A former creative-writing student at the University of British Columbia who was the main complainant (MC) in the Steven Galloway case is calling on Galloway to let UBC give her information and for legislative changes.

The firing of Galloway as head of the program has generated a tremendous amount of attention and controversy, including media coverage of the report written by an independent investigator UBC appointed. MC and her lawyer are questioning the fairness of a system that has forced her to fight for unredacted access to the report. They argue Galloway could have consented to the release of the unredacted report to MC.

But Galloway says that, after enduring nearly three years of the repercussions from the allegations against him, he has no intention of waiving any rights the law provides him – and says at no point did he “stand as an obstacle” to MC’s “exercising the access rights provided her at law, nor did he stand as an obstacle to her receiving and reading the Report,” according to a statement from his lawyer.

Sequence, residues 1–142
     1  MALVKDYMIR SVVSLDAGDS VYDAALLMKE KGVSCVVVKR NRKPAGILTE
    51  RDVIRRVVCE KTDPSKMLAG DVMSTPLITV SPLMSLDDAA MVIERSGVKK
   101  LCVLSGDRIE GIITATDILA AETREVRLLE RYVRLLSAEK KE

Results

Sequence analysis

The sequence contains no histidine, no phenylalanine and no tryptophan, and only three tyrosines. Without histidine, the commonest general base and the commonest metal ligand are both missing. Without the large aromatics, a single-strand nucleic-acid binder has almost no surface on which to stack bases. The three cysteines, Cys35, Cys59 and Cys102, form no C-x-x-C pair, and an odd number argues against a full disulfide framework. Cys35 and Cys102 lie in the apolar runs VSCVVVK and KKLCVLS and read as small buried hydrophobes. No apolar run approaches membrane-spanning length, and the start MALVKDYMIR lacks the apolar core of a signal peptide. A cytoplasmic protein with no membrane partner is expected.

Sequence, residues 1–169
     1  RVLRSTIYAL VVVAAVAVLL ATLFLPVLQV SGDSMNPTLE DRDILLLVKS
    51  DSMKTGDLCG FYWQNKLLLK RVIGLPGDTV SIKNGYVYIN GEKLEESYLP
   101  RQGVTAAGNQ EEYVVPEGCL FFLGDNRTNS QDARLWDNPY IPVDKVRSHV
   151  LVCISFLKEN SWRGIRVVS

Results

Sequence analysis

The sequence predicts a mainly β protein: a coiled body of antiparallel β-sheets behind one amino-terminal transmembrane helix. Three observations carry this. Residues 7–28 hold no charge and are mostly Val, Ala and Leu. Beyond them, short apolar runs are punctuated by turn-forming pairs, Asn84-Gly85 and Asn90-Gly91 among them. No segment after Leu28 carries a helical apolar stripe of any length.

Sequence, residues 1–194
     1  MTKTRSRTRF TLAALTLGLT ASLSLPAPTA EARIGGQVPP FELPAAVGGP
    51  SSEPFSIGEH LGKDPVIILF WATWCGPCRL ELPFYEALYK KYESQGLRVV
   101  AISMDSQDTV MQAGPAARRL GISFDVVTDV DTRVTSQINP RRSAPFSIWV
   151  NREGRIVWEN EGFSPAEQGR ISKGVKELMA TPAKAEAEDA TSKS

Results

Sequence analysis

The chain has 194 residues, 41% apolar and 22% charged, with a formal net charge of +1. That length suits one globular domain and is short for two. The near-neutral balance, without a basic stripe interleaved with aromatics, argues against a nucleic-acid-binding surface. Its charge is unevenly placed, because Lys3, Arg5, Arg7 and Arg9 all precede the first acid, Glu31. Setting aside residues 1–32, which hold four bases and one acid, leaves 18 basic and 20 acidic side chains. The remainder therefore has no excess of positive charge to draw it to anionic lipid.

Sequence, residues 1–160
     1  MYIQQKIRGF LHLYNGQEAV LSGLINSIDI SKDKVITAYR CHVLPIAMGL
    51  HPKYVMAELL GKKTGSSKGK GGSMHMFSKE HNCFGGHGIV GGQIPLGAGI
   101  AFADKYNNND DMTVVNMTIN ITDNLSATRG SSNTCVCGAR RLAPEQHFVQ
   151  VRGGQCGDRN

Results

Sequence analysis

Italy’s new strongman, Deputy PM Matteo Salvini, rattles Europe and his own government

Only a month into the job, Deputy Prime Minister Matteo Salvini has emerged as Italy’s dominant politician. He is also the Interior Minister and leader of the right-wing, Euroskeptic and xenophobic League – a party that forms half the coalition government, the other half being the anti-establishment Five Star Movement.

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Brimming with Euroskeptic views, Salvini , 45, has also become known as a bad boy of the European political scene. And he may just be getting started. His popularity ratings are climbing and there is little doubt he could win the next election, which may come early if he decides to capitalize with ruthless zeal on his newfound fame.

European bureau chief Eric Reguly analyzes Salvini’s popularity and politics – and what it means for Italy and Europe.

Missing boys, coach found alive in Thailand cave − but extricating them will be difficult